An animal rights group had every right to protest singer/actress Hilary Duff's performances at rodeos and bullfight arenas, but not on moving billboards in West Hollywood, Calif.
In a 2-1 decision Tuesday, California's 2nd District Court of Appeal in Los Angeles upheld the small city's ban on mobile billboard advertising after finding it doesn't violate the animal group's free-speech rights.
"The ordinance is content neutral," Justice Frances Rothschild wrote. "It draws no distinctions based on the content of the speech or the viewpoints expressed. Nor is there any evidence that 'the ordinance was designed to suppress certain ideas that the city finds distasteful or that it has been applied to [plaintiffs] because of the views that they express.'"
Retired Los Angeles County Superior Court Judge Richard Neidorf, who was sitting by assignment, concurred. But Justice Robert Mallano dissented, arguing that the city's ordinance targeted only commercial speech, not the kind of political content on the animal group's sign.
"The issue presented is, 'What is advertising?'" Mallano wrote. "I think of advertising as promoting a product or service -- commercial speech -- as opposed to promoting a political or social message, such as speaking against cruelty to animals -- non-commercial speech."
Steve Hindi, president of Showing Animals Respect and Kindness, or SHARK, an Illinois-based nonprofit that seeks to expose cruelty to animals, was pulled over in West Hollywood one night and fined more than $1,000 for violating the city's ban on mobile billboards. Hindi was driving the so-called "Tiger Truck," a vehicle that has four 100-inch video screens on all sides, showing animal abuse and blaring the sounds of creatures in distress.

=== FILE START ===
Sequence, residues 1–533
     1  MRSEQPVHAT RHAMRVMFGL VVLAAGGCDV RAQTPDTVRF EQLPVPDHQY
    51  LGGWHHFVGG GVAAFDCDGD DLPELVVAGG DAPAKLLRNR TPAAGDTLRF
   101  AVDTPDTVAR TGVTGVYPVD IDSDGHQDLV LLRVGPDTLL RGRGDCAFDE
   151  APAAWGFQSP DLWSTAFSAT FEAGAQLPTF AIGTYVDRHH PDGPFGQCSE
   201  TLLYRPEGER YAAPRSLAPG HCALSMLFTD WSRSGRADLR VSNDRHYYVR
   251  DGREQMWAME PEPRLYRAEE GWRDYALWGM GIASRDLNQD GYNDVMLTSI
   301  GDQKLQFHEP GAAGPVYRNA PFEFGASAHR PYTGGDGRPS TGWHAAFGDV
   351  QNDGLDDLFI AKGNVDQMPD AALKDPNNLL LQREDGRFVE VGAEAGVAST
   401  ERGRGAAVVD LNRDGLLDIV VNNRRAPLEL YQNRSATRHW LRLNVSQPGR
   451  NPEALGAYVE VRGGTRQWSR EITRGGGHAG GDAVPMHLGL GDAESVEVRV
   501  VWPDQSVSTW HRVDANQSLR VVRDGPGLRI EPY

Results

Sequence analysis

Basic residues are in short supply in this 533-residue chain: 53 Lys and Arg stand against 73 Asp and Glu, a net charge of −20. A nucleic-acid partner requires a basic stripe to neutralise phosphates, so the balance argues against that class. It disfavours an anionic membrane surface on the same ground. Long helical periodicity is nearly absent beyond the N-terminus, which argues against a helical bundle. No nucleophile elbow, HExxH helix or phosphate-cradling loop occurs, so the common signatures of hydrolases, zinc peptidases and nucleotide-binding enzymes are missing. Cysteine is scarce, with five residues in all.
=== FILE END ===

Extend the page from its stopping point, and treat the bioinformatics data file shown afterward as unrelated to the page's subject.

Three of the videos the night Hindi was pulled over displayed bullfights, with signs reading "dumpduff.com" and "sharkonline.org" to protest the singer's apparent decision to perform at rodeos and bullfight arenas.
A trial court upheld the fine, with the 2nd District affirming on Tuesday. Rothschild said the ordinance applies to both commercial and non-commercial advertising and makes exceptions for city buses and taxis.
"Even though buses and taxis may display advertising on their roofs and sides," Rothschild wrote, "their 'primary purpose' is not advertising but transporting people from one place to another."
She also held that the ordinance was narrowly drawn to enhance traffic safety and to reduce visual clutter and pollution. "SHARK's Tiger Truck," she wrote, "is a classic example of the type of vehicle the city intended to ban from its streets."
Furthermore, Rothschild wrote, SHARK already gets its message out on the Internet and "offered no explanation why it could not use other methods of communication, such as advertising on buses and taxis, flyers, direct mailings, newspaper ads and speeches in public places."
Bryan Pease, a San Diego solo practitioner who represents SHARK, said his clients advertise in all those realms, "but happens to think this is a particularly effective method of communication because you are able to show people on the street a large video of cruelty going on behind doors."
He said the fact that there was a split court -- with the presiding justice of Division One dissenting -- "increases the chance we could get the California Supreme Court to accept review."
J. Stephen Lewis, a staff attorney for West Hollywood's Legal Services Division, said the dissent doesn't worry him because he thinks Mallano's reasoning "isn't consistent with First Amendment jurisprudence."
"Our view," he said, "is that our ordinance is a reasonable time, place and manner restriction on the way people speak rather than [on] the substance of what they are saying."
SHARK's billboard was especially distracting to motorists, he said. "Honestly, it was obnoxious. It basically was a movie theater on wheels, with bright lights and loud sounds."
The ruling is Showing Animals Respect and Kindness v. City of West Hollywood, 08 C.D.O.S. 11921.